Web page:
QE and Its Unintended Consequences

In raising the possibility of QE2 at his Jackson Hole speech, Ben Bernanke mentioned two potential costs that would have to be assessed against any benefits of a QE – round #2, before the Fed makes a decision to that effect.

One had to do with the potential rise in inflation expectations due to perceptions that the Fed would have difficulties unwinding its vastly expanded balance sheet in the future.

The second had to do with economists’ insufficient understanding of the exact impact of central bank asset purchases on financial conditions (let alone aggregate demand). As Bernanke put it, “we do not have very precise knowledge of the quantitative effect of changes in our holdings on financial conditions. […]. [U]ncertainty about the quantitative effect of securities purchases increases the difficulty of calibrating and communicating policy responses.”

Here, I want to add a few more potential risks into the list: Are there any unintended consequences of the Fed’s asset purchases (and low-for-long interest rates more broadly), other than a possible spike in inflation expectations? For the sake of brevity I’ll just keep a list format, with the intention to elaborate on each one of the issues separately in future pieces.

So the first concern has to do with the potential systemic risks associated with the behavior of institutions such as insurers and pension funds in an environment of low (and falling) long-term interest rates. For starts, falling interest rates have increased the net present value of their liabilities (and have lengthened their duration). This does not have to have a negative balance sheet impact, provided that the asset side of these institutions benefits from matching capital gains as interest rates fall.

However, news reports and market talk suggest that this is not what has happened: Before the Fed’s hint of QE2, expectations that long-term rates had to go up from record low levels saw many institutions holding conservative duration exposures on the asset side of their balance sheet. The result has been a smaller gain on the asset side (with the concomitant increase in the funding gap) and a recent push towards long-duration positions to address the duration mismatch between assets and liabilities. The “systemic” risk here is that, if and when long-term yields begin to rise, the unwinding of these positions can lead to a much sharper rise in yields and volatility in the bond market.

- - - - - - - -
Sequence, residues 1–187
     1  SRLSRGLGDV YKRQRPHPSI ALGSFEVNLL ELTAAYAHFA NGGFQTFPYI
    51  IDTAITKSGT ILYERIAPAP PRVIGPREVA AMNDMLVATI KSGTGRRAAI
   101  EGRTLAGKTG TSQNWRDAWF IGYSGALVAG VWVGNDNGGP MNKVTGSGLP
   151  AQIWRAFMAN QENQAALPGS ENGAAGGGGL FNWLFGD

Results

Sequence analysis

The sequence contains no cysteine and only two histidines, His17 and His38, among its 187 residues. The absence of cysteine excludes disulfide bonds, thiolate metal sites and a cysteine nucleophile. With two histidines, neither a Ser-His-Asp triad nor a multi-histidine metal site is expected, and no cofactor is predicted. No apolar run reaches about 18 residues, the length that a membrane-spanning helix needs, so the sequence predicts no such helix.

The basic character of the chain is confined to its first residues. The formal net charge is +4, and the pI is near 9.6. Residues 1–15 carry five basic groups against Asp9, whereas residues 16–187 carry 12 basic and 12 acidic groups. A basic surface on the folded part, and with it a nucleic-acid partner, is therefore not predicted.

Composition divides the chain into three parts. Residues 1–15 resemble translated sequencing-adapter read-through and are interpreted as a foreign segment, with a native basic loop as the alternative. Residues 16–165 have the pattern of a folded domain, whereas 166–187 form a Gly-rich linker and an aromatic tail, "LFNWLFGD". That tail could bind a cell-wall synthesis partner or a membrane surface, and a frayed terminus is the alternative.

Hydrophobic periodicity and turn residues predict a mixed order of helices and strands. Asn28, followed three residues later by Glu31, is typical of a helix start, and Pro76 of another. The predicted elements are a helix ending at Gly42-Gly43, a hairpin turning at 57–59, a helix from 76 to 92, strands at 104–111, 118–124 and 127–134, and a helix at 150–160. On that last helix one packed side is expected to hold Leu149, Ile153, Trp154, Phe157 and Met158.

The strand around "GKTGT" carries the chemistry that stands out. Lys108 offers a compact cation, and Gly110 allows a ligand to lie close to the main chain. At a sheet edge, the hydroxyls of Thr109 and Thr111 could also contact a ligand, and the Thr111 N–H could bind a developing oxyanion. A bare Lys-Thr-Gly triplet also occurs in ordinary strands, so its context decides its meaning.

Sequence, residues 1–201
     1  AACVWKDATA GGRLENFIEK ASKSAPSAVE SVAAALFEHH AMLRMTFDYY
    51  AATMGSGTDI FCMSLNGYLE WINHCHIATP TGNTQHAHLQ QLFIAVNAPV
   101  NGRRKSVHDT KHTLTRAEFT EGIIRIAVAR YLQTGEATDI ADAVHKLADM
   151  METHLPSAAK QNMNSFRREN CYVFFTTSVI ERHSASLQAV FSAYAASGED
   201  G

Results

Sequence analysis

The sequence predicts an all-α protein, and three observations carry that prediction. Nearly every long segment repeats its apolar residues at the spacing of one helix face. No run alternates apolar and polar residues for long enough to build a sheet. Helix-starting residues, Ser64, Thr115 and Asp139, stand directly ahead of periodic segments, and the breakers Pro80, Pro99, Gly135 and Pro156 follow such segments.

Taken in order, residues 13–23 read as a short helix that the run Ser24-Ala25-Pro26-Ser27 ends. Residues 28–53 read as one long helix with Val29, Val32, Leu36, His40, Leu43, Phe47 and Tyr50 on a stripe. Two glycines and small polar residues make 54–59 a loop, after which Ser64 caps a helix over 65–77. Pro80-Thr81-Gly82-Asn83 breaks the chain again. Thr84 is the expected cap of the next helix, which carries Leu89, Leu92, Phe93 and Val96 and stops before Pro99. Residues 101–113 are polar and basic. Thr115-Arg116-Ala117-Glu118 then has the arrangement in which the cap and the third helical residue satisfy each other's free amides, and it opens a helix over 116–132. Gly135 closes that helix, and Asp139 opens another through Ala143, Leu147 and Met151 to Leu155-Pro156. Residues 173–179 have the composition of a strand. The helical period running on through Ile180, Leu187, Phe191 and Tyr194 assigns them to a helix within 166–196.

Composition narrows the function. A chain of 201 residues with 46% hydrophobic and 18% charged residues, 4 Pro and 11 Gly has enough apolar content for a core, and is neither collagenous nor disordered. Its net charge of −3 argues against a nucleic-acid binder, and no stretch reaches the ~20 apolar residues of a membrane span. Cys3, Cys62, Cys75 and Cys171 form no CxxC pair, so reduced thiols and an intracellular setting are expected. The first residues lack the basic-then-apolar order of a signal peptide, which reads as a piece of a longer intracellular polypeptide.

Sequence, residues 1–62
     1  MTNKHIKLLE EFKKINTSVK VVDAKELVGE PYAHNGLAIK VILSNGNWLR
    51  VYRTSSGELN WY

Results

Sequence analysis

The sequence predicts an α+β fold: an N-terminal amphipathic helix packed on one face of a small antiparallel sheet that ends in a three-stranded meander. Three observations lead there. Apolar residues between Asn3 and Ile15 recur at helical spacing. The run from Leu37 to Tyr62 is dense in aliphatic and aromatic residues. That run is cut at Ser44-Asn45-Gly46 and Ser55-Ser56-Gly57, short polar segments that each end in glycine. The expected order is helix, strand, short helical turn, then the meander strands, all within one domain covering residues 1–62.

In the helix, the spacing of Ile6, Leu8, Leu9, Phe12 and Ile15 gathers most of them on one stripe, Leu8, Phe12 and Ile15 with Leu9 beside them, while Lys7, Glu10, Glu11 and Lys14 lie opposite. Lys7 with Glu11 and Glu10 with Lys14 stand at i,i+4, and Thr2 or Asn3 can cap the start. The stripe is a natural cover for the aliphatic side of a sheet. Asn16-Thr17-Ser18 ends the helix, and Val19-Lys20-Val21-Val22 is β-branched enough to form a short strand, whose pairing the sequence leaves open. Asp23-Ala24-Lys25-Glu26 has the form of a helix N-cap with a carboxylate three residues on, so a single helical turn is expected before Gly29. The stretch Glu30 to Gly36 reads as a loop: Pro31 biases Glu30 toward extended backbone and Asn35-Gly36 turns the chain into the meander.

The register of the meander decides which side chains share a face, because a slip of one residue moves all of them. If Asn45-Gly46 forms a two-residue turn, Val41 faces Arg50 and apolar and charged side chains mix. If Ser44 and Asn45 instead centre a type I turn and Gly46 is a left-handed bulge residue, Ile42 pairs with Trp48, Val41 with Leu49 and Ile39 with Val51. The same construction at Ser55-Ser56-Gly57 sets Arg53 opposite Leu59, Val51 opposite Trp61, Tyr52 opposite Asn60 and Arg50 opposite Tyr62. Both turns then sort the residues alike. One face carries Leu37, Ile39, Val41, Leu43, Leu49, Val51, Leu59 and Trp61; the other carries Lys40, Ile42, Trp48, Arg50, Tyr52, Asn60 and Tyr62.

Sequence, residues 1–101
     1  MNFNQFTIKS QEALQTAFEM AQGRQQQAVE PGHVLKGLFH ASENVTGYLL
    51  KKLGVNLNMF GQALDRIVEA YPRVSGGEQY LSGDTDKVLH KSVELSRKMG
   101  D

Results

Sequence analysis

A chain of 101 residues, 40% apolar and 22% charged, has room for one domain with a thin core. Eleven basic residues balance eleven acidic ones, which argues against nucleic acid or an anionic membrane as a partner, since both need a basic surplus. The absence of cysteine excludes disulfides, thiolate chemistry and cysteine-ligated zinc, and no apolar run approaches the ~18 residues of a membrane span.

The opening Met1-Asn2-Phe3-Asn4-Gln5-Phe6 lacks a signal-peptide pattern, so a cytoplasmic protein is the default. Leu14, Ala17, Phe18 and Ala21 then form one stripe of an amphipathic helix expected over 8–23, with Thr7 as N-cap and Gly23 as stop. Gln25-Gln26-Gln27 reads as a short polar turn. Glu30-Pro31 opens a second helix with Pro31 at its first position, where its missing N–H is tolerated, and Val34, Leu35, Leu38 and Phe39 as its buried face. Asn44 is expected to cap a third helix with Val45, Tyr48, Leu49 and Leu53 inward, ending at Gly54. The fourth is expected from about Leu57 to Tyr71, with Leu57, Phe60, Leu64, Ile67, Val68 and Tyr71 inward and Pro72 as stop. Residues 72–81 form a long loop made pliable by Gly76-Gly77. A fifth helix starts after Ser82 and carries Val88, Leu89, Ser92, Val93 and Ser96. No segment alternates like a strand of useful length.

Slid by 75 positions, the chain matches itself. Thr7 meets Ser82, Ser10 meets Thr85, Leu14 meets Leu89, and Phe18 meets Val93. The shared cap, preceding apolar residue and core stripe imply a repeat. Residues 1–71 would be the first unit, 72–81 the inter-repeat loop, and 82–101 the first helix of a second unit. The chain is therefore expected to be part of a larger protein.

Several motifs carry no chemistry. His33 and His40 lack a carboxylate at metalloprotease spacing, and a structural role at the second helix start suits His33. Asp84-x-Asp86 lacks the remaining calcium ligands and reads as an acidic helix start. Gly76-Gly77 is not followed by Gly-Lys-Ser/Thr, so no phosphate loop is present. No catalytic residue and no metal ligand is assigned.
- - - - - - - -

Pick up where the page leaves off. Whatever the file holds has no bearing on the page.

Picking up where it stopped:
A second concern has to do with the hedging behavior of mortgage/MBS investors. Low interest rates increase the probability of refinancings and, as a result, reduce the expected duration of MBS securities (and the underlying mortgages). MBS investors hedge against this prepayment risk by holding instruments of long duration, such as long-term Treasuries or interest rate swaps. Once again, if and when interest rates start going up, unwinding these positions can become destabilizing, as everyone enters the market in the same direction. (The impact of this is of course mitigated by the fact that the Fed itself holds a substantial chunk of the mortgage market).

Third on the list is the potential build-up of leveraged positions (or “carry trades”) “thanks” to the Fed’s promise of low-for-long interest rates. The risk is that crowded carry positions can unwind fast once Fed rates begin to rise, especially since the earlier leverage build-up has pushed asset valuations to stretched levels.